As the civil war in Yemen rages well into its fourth year, the humanitarian outlook seems to grow darker and darker. With 50,000 children having died in 2017 alone, there’s no telling how large the overall humanitarian death toll has been since March 2015. Despite significant effort by the United Nations and numerous NGOs, conditions on the ground remain murky in the fog of war, and neither the Houthis nor the Saudi coalition has made the distribution of aid and support manageable. Even if the cholera epidemic declines, the devastation of Yemen’s water supply, the bombing of its hospitals, and the collapse of its infrastructure suggest Yemen will be highly vulnerable to disease in the coming years. Other humanitarian catastrophes brought on by war in recent history imply that the situation might only worsen for Yemen. Millions died of starvation or disease due to wars in Biafra, the Congo, Ethiopia, and Somalia. The international community, including the countries that have been financing the combatants in the conflict while paying little heed to the humanitarian dimension, will have to redouble its efforts to save Yemen from even greater calamity.   

The Death of Ali Abdullah Saleh

An unexpected, unsavory alliance between the Houthis and their long-time nemesis, ex-President Ali Abdullah Saleh, helped the Shiite militia seize control of much of Yemen in late 2014 and early 2015. It was no surprise, then, that the Saudi-led coalition that has sought to defeat the Houthis in combat over the last three years saw opportunity in the strains that came to define the Houthi–Saleh relationship during this period of time. For many months, competing ambitions were kept under control between a militia that sought to promote Shia interests in a country where they had long been marginalized and an ex-dictator eager to regain total power. However, in November 2017, Saleh came to believe he could reach a better arrangement with the Saudis and Emiratis plotting to disrupt the frustrating stalemate the war had ground into. Within only a few days, a dictator once renowned for his cunning and resilience made a fatal miscalculation in his bid for power, and was killed in the process of trying to defect to the anti-Houthi coalition.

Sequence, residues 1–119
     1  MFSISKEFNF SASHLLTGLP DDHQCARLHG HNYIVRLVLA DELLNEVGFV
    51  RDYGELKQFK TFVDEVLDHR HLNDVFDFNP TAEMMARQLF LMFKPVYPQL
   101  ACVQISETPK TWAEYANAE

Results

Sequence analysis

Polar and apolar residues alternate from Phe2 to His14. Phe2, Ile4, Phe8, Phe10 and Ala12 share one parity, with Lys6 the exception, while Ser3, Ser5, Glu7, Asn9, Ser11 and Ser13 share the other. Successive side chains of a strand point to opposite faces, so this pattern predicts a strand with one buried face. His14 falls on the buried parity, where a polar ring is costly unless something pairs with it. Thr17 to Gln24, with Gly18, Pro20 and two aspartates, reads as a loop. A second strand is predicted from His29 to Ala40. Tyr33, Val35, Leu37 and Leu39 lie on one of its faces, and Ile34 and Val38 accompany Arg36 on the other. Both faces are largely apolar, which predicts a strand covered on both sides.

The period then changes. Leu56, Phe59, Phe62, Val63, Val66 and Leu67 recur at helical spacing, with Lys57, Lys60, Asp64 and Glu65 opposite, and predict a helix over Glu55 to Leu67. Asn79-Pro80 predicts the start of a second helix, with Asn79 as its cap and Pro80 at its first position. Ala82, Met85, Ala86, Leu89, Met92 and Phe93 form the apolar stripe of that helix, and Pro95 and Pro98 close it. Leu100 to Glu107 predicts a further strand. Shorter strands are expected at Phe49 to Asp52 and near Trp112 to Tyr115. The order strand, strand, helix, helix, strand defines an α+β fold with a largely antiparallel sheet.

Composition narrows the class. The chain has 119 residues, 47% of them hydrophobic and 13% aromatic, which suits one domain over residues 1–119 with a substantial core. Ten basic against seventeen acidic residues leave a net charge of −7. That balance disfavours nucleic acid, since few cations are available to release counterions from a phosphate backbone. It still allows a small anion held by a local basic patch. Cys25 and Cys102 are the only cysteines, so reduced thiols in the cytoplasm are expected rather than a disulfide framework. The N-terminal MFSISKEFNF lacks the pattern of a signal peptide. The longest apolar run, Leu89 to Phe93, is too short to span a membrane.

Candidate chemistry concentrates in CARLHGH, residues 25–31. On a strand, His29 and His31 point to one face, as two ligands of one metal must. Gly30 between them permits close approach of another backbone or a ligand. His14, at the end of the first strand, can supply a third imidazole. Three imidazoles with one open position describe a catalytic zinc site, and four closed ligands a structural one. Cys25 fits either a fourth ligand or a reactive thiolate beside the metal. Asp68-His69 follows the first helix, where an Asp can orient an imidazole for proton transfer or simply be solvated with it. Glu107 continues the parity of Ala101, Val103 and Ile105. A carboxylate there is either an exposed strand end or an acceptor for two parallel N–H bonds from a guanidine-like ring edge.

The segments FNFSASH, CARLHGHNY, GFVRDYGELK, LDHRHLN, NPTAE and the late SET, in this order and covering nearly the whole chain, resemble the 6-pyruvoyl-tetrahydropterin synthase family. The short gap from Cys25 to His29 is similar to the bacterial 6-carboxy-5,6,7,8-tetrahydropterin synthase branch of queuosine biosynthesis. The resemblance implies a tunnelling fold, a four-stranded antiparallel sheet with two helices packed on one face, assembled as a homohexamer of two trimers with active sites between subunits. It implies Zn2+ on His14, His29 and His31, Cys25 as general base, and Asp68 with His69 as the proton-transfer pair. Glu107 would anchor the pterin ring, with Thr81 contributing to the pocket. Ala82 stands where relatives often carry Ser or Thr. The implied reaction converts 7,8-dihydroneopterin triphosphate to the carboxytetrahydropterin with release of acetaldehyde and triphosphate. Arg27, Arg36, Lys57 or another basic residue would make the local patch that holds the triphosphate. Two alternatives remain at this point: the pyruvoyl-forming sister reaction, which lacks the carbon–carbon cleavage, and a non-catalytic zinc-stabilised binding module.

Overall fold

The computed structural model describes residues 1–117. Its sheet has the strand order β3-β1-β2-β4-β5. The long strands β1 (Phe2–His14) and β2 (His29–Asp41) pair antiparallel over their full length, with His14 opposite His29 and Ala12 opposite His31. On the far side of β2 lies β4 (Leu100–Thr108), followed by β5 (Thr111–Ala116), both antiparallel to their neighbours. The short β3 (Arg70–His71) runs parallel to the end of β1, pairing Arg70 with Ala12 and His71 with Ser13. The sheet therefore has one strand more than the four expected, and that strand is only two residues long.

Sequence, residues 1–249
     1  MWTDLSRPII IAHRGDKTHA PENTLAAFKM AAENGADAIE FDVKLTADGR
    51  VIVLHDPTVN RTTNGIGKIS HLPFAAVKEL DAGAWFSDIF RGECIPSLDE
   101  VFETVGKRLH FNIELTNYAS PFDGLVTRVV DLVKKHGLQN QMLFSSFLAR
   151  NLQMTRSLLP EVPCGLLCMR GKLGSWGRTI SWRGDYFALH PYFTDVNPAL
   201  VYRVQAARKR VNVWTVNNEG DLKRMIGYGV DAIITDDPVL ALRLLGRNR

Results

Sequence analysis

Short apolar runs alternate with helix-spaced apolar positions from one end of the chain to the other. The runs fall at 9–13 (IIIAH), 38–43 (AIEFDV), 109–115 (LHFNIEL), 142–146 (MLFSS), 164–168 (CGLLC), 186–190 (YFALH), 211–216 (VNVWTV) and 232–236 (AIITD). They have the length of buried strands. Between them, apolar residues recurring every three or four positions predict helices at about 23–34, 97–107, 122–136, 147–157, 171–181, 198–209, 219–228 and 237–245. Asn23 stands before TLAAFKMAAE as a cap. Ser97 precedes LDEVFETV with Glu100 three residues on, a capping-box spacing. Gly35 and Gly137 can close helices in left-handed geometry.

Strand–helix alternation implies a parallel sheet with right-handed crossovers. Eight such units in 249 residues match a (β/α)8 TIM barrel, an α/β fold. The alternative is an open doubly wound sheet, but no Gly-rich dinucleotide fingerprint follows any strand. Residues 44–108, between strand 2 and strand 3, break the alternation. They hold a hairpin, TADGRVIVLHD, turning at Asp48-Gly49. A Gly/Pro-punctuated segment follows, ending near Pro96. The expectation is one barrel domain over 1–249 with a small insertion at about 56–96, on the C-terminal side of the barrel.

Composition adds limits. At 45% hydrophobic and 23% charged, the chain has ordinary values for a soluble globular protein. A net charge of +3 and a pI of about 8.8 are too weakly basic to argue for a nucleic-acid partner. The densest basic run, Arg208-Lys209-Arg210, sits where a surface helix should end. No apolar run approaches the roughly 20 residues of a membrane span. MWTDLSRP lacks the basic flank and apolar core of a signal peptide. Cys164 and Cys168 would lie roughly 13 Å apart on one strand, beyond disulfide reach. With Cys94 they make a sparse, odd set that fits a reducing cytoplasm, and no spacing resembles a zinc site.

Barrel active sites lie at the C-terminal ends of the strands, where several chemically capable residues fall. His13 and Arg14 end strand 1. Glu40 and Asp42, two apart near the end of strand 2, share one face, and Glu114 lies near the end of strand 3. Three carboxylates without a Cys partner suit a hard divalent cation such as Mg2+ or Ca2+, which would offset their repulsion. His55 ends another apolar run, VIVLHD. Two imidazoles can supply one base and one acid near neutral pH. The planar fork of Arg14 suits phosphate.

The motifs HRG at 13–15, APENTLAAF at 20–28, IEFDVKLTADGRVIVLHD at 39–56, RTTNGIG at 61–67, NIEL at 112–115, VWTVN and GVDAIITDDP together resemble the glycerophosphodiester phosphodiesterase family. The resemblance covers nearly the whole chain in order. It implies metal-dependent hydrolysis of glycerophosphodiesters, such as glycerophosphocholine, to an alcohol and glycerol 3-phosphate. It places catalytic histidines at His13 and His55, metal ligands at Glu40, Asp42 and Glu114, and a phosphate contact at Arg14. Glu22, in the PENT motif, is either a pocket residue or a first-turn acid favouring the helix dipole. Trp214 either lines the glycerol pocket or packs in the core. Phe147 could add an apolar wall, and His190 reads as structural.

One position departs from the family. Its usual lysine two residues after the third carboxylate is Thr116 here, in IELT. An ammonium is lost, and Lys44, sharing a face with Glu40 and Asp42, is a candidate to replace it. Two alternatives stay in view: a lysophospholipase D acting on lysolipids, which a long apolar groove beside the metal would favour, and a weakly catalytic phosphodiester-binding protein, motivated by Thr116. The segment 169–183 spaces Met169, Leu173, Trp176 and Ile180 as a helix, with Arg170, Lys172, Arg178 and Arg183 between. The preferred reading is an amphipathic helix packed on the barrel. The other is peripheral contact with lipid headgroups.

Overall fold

Ali Abdullah Saleh’s turbulent rise, fall, and ultimate demise comprise a history in Yemeni politics that first propelled him to power in 1978 when his predecessor as President of North Yemen was assassinated. The republican North Yemen and communist South Yemen were unified in 1990 under Saleh’s administration, but the dictator experienced the first major challenge to his reign in 1994. Southern secessionists attempted to regain their sovereignty in an intense two-month civil war in which thousands were killed, but Saleh prevailed. Over the following two decades, Saleh prided himself on his ability to keep a fractious, tribal country together, like nobody else could, or so he claimed. He positioned himself as a valuable ally of the United States after the War on Terror began in earnest in 2001, and allowed a controversial drone campaign conducted under the Obama administration. However, his government increasingly felt the strain of several insurgencies, by secessionists, al-Qaeda militants, and most prominently the vigorous Shia militia known as the Houthis. The Houthis launched an insurrection against Saleh in 2004, which escalated after the killing of their leader, Hussein al-Houthi.